3. Valve springs are shipped with a rust preventative coating that should remain on the spring throughout engine assembly. Do not clean springs with acidic or evaporative cleaners. This causes rapid drying and promotes the formation of rust on the surface, which can cause catastrophic failures. Even a slight amount of corrosion can grow to be a problem.

4. When installing springs, use COMP Cams® Valve Train Assembly Spray (Part #106) to ease assembly and improve the life of the spring.

Checking Loads

1. COMP Cams® has matched each set of springs for load consistency. A variance of + or -10% is acceptable for new springs.

2. When checking the spring loads on a load tester (Part #5313) measure and note the thickness of the retainer where the outer spring sits. Assemble the retainer on the spring and place on the base of the spring checker.

3. Compress the spring to the desired installed height. This is the measurement between the top of the spring (on the bottom side of the retainer where the outer spring sits) and the bottom of the spring on the base.

* NOTE *
Since the retainer is installed in the spring when checking the spring loads, make certain that the thickness of the retainer is not included when calculating the installed height and is accounted for when compressing the spring. The spring load checker will show to be higher with the spring installed at the correct height.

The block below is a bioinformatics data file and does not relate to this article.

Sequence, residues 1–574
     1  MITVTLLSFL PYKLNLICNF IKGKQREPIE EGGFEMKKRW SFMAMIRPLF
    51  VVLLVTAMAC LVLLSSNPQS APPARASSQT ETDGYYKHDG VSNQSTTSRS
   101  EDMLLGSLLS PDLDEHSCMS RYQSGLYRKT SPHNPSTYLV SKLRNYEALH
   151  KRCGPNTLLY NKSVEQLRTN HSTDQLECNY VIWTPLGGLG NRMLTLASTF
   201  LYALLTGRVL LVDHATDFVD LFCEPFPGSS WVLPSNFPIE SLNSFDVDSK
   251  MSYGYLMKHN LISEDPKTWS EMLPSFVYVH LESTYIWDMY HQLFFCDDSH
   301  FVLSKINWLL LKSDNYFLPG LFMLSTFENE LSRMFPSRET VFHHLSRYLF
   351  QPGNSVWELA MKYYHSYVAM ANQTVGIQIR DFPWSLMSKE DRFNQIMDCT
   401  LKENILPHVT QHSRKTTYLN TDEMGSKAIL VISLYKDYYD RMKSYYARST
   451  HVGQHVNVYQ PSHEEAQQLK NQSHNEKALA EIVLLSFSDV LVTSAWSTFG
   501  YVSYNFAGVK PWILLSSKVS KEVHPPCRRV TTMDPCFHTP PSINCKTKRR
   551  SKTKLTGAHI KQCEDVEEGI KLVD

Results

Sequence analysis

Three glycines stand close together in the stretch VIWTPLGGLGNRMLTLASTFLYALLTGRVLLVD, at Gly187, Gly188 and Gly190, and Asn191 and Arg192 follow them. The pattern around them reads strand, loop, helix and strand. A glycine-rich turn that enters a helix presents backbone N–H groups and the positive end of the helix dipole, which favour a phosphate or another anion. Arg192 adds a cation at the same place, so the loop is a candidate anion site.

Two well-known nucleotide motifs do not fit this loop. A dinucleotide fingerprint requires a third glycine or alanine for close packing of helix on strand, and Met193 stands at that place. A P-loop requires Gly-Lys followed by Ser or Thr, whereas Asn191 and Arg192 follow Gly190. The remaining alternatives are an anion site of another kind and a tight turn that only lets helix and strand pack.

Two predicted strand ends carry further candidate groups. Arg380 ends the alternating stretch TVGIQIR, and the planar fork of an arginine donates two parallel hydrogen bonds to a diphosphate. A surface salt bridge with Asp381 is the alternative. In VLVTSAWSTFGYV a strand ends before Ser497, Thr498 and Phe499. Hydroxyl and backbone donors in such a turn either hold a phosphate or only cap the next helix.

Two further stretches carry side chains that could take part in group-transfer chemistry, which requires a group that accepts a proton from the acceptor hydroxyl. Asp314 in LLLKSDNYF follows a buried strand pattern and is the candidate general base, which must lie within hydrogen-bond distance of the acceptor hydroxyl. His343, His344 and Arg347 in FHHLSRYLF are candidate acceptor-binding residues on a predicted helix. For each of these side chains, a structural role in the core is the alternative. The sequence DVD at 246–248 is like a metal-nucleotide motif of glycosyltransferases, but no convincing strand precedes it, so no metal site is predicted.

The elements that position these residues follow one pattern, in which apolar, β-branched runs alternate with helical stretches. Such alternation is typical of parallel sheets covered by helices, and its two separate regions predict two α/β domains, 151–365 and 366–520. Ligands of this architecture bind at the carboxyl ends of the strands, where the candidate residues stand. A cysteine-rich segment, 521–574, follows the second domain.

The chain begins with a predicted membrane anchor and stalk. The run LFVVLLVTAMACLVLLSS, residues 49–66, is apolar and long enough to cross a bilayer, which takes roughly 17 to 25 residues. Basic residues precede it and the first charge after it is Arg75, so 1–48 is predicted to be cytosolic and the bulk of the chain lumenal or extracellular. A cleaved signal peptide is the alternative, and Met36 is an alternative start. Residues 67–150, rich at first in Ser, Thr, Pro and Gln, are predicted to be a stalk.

1. Before installing the spring on the cylinder heads, check the installed spring height (Diagram A). This is the distance from the bottom of the retainer to the surface where the spring rests on the head. The valves, retainers and valve locks will be used in this step. First, install the valve in the guide, then install the retainer and valve locks. Pull the retainer tightly against the valve locks while holding the valve assembly steady.